The first sighting of the Djenné mosque is breath taking. It is the largest mud building in the world and can hold up to 3000 worshippers. Every spring, a guild of senior masons coordinates the annual re-plastering of the mosque. In 1988, the old town of Djenné and the Great Mosque were named a UNESCO World Heritage Site.
Barbara is a great admirer of mud cloth and therefore a visit to the home of Pama Sinatoa was a highlight. Pama is a famous Djenné artist, celebrated in the book, “Africa through the Eyes of Women Artists”. During our time with her, Dembo realized that she was suffering from malaria. Along with purchasing her cloth, we were able to leave a supply of medicine to ease her discomfort.
After Djenné, a trek through Dogon Country was our top priority. At the time we made this trip – more than a decade ago – there was no easy way to get to and down the Bandiagara Escarpment; however, upon our arrival in Mopti, we were approached by Omar, a young and energetic entrepreneur who offered his services as a guide. He also convinced me to hire a porter, a suggestion I at first rejected but came to recognize as a wise move. The two hour drive from Mopti to the village closest to the escarpment was the most hazardous part of the whole trip. The floorboard in the back seat had a huge hole which meant that at 80 kilometers-an-hour, we ate a lot of dust.
The Bandiagara Escarpment is a sandstone cliff that extends over 135 kilometers, reaching heights of 500 meters (1,640 feet). Its fame is linked to the Dogon people whose culture, religion and art forms are unique and whose multistory houses and granaries cling to the edges of rock faces.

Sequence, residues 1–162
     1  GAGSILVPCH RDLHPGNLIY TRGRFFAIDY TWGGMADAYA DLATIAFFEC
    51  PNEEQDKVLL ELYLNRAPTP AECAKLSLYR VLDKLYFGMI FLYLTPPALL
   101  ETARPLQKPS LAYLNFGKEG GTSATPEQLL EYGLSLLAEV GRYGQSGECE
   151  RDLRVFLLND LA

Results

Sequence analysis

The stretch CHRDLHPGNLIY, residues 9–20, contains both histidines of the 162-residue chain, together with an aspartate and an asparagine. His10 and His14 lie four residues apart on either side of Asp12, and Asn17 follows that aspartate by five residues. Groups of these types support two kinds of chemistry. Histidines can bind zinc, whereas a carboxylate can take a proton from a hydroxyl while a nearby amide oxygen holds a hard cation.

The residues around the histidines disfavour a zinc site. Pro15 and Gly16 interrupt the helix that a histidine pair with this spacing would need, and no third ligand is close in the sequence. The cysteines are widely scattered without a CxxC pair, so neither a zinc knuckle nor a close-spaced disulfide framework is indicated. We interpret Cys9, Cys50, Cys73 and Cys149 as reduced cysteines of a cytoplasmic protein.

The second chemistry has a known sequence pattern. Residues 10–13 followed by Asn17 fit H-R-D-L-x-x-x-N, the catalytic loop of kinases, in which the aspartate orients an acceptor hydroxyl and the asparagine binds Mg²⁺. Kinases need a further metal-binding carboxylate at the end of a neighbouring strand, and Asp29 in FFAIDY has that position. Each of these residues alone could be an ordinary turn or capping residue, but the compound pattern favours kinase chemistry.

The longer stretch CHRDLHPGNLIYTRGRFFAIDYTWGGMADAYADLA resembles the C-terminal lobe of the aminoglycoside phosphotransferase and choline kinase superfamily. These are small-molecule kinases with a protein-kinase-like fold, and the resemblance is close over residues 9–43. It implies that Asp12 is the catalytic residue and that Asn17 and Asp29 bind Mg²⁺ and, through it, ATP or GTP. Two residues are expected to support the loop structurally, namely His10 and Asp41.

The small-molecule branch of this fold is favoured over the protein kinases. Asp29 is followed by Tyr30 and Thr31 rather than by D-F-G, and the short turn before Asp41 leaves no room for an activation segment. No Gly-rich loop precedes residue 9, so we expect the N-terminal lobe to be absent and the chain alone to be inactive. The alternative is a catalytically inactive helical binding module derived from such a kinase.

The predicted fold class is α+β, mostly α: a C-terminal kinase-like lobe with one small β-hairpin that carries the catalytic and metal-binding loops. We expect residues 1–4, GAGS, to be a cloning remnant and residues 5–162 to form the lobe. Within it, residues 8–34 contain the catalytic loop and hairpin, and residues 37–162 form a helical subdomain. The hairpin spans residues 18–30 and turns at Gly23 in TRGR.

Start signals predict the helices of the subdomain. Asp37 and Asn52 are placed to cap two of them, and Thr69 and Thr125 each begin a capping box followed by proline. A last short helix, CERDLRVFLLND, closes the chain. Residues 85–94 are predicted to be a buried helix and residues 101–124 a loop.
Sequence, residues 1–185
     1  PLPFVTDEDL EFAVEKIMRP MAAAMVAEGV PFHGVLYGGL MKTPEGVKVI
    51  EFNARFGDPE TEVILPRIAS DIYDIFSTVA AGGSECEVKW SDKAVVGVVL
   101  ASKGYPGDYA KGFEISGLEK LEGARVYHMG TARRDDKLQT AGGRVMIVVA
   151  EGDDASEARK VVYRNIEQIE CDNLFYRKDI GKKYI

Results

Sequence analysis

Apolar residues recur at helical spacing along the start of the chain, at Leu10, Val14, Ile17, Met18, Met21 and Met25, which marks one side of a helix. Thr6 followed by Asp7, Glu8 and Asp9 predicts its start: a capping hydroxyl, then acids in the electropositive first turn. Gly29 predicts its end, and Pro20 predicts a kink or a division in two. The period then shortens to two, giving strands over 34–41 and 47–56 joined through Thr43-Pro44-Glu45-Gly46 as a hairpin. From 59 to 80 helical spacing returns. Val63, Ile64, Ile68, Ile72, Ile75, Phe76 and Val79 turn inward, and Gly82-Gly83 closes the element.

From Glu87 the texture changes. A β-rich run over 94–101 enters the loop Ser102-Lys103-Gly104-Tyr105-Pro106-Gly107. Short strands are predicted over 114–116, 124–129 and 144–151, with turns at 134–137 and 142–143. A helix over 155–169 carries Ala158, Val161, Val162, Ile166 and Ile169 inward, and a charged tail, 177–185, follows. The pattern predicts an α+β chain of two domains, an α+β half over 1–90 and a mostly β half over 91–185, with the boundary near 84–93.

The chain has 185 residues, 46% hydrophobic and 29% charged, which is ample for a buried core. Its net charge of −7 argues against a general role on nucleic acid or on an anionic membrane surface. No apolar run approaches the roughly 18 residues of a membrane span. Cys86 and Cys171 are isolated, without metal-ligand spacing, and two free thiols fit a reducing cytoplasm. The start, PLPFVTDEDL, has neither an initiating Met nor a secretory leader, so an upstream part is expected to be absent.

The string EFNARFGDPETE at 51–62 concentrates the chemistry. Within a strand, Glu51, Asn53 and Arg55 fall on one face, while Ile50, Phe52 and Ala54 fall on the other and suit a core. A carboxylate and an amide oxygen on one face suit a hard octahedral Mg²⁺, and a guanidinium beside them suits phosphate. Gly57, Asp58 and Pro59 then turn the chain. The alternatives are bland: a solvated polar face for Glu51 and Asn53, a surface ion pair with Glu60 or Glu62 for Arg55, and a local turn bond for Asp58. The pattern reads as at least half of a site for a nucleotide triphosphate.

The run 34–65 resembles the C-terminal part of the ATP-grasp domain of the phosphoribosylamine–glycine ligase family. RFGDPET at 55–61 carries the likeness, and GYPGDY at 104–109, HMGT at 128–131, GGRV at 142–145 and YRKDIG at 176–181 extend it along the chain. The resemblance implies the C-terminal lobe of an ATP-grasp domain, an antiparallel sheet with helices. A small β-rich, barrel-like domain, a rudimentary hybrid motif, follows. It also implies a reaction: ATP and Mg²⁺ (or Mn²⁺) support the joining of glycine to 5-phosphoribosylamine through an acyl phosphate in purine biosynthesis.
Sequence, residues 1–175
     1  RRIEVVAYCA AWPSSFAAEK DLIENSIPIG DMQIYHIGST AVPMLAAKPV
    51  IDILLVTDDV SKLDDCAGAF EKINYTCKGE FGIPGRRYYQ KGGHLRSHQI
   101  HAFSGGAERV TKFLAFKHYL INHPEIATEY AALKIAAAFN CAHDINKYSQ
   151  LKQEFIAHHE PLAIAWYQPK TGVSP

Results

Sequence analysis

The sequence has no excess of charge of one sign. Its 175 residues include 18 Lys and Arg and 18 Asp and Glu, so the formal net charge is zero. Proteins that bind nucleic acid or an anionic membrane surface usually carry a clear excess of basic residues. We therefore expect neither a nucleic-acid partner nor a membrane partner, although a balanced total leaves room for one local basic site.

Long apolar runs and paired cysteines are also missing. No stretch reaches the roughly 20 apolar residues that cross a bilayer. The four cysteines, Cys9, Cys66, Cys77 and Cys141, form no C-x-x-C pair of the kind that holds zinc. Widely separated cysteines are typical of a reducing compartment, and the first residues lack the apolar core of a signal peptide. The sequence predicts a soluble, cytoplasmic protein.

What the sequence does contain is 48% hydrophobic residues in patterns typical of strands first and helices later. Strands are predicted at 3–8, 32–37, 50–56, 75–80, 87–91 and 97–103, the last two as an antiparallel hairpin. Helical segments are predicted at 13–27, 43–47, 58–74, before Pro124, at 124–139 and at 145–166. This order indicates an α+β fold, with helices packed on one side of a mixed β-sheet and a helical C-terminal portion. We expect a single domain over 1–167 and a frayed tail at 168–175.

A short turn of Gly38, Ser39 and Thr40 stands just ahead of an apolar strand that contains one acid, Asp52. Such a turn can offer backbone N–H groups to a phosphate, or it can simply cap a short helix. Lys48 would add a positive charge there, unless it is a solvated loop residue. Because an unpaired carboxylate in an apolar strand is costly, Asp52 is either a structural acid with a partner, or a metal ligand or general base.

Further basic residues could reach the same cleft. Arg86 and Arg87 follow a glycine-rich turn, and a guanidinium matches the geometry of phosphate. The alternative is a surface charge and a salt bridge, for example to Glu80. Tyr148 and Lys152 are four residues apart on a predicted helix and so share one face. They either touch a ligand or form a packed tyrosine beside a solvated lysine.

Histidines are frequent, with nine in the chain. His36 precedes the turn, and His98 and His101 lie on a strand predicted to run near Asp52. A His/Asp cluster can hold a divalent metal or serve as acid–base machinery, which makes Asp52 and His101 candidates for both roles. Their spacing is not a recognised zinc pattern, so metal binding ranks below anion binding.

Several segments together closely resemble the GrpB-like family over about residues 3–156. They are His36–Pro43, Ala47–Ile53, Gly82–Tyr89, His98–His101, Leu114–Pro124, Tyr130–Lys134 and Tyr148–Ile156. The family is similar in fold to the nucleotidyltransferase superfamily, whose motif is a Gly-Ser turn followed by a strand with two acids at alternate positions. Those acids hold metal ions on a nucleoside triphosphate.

Getting down the cliff was challenging but manageable, especially since I did not have to carry a pack; however, we soon realized that for Dembo, the trek downhill would be daunting. When one lives in a perfectly flat country like The Gambia with only a few buildings higher than one story, making your body move down a rock face requires considerable nerve.
One of the many surprises of the Dogon Country experience was the comfort of our rooftop accommodation. At night, we lay in our sleeping bags looking at the stars and listening to the village sounds and in the early morning we would surreptitiously watch the women and girls as they balanced pails of water on their heads and began preparations for breakfast.
In modern times, the Dogon people rarely live in the buildings that cling to the cliffs; however, we were allowed to climb to some, take in the gorgeous views and learn about the cultural and religious symbolism that permeates every aspect of the dwellings and granaries.
We also were able to buy pieces of the indigo cloth (woven by men and dyed by women), often worn as skirts. Sadly, many of the sculptures and carved doors so identified with Dogon art have been removed and sold.
During the day, temperatures were very hot and we consumed lots of water which was available at pumps along the route. We made good use of a special filtering kit that I had brought from Canada to prevent ingesting guinea worm. We sometimes ate food purchased in Mopti and other times, food provided by our hosts, mostly chicken and spaghetti.
Three days later, we climbed back up the escarpment and hiked to the village of Bandiagara where we met up with our driver and ate more dust on the way back to Mopti, where we began the long trip home.
Photo credits Gerrit and Barbara Reinhardus
by Gerrit Reinhardus
© Riding the buses 2011